WAR DEPARTMENT, C. S. A.,
Richmond, Va., September 19, 1864.
General R. E. LEE,
Commanding Army of Northern Virginia:
GENERAL: I have the honor to acknowledge your letter of the 17th instant, relative to the impressment of 5,000 slaves to work on the fortifications. You are right in supposing my reference of the subject to you was owing to doubt whether my powers allowed the impressment of slaves engaged in agriculture and whether the discretion was not confided exclusively to commanding generals. I should not have hesitated on the score of responsibility pertains to the administrative duties of the Department. While, however, your authoritative sanction is required for the impressment, I do not consider it necessary you should exercise it by officers of your army. In this opinion, too, the Assistant Secretary of War, to whose legal opinion great deference is justly due, concurs. The agencies of the Conscript Bureau will, therefore, in my judgment, be appropriately employed in making the impressments without delay. Orders will be issued referring to your call, and stating the impressment to be necessary in your judgment, and impressing upon the officers of that bureau the importance of a prompt execution of the duty. I trust the number of laborers will be speedily forthcoming.
Very respectfully, your obedient servant,
JAMES A. SEDDON,
Secretary of War.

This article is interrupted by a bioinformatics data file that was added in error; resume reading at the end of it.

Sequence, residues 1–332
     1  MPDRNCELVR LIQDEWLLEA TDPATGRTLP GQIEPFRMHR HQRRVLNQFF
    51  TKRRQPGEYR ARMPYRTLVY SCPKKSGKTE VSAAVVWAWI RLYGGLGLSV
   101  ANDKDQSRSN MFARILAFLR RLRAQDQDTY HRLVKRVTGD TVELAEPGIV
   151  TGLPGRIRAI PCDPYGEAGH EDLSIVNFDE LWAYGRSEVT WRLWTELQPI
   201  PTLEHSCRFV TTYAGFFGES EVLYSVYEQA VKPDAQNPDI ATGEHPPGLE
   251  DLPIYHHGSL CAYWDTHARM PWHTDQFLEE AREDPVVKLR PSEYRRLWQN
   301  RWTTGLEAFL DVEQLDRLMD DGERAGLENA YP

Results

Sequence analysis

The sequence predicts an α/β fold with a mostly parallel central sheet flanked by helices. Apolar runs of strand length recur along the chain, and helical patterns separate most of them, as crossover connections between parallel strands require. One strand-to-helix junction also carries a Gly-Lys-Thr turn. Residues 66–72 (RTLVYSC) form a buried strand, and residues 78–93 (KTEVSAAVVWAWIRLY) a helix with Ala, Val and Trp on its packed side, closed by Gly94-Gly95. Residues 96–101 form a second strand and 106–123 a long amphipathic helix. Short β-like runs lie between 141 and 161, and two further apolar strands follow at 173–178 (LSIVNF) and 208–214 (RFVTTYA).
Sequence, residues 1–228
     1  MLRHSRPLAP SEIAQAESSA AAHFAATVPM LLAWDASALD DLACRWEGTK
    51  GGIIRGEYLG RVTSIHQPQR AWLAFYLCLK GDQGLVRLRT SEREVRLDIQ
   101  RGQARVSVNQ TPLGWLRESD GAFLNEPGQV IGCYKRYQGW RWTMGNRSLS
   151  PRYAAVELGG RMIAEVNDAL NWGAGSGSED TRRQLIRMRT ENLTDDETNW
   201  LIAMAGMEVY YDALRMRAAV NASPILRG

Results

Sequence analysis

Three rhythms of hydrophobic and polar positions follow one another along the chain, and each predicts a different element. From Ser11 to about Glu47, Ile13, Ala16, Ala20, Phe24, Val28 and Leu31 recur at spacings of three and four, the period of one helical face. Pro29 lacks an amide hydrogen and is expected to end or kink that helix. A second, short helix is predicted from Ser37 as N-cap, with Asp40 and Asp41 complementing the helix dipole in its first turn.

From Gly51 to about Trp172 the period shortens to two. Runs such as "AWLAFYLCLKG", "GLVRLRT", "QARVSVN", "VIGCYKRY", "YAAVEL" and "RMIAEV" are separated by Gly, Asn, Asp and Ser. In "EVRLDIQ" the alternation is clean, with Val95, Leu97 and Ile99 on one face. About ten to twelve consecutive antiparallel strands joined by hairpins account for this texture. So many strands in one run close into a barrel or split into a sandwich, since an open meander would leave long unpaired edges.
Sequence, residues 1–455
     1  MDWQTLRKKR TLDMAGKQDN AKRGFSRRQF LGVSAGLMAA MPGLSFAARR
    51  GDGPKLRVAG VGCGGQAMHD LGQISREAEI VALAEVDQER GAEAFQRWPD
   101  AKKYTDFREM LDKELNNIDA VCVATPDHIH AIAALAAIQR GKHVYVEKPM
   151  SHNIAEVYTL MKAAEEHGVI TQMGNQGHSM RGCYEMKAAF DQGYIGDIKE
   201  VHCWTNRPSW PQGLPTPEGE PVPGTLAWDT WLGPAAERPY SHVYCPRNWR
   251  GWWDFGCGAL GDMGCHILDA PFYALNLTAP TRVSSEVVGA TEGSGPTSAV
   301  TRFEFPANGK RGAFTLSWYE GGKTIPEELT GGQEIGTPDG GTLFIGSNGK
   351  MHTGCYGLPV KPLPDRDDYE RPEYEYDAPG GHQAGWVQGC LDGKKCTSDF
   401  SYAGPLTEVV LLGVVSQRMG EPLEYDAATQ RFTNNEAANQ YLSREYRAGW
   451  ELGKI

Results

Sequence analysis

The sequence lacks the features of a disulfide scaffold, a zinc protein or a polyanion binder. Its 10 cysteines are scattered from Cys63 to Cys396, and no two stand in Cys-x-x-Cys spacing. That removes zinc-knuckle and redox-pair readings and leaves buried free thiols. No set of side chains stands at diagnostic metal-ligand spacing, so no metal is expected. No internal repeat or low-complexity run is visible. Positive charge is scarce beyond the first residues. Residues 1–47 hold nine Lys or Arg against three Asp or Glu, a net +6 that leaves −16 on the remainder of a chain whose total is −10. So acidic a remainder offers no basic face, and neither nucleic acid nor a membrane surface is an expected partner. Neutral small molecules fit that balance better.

HEADQUARTERS ARMY ON NORTHERN VIRGINIA,
September 20, 1864.
Honorable SECRETARY OF WAR,
SIR: I have the honor to acknowledge the receipt of your letter of yesterday, with reference to the impressment of negroes for work on fortifications, &c., and thank you for the prompt measures you have taken in the premises. I think that the time has arrived when the public safety requires that we shall employ negro labor with the army in all cases where it can be used to relieve able-bodied white men. The teamsters and other laborers engage in cutting wood for mines and factories, machine shops, &c., and all doing mere manual labor in connection with supplying the armies, can be well taken from this class, and the white men now detailed for that purpose put in the ranks. The accession to our numbers by this means would be great, and I need not repeat what I have said as to the necessity of recruiting our armies. I understood the act of Congress of 17th of February last as designed to clothe the department with this authority, as its title and preamble indicate. The slaves called for in my last letter for thirty days, as I understand the subject, are to be impressed in accordance with a former law, passed to regulate temporary impressment of negro labor. This former law is referred to in the law of 17th of February to regulate the manner of impressment, but not, as I understand it, to limit or alter the powers conferred by the latter act. If I am correct in this view, I respectfully urge the exercise of this power by the Department without delay, to the extent of replacing all detailed men in service with negroes where the latter can be used with advantage, and all white laborers in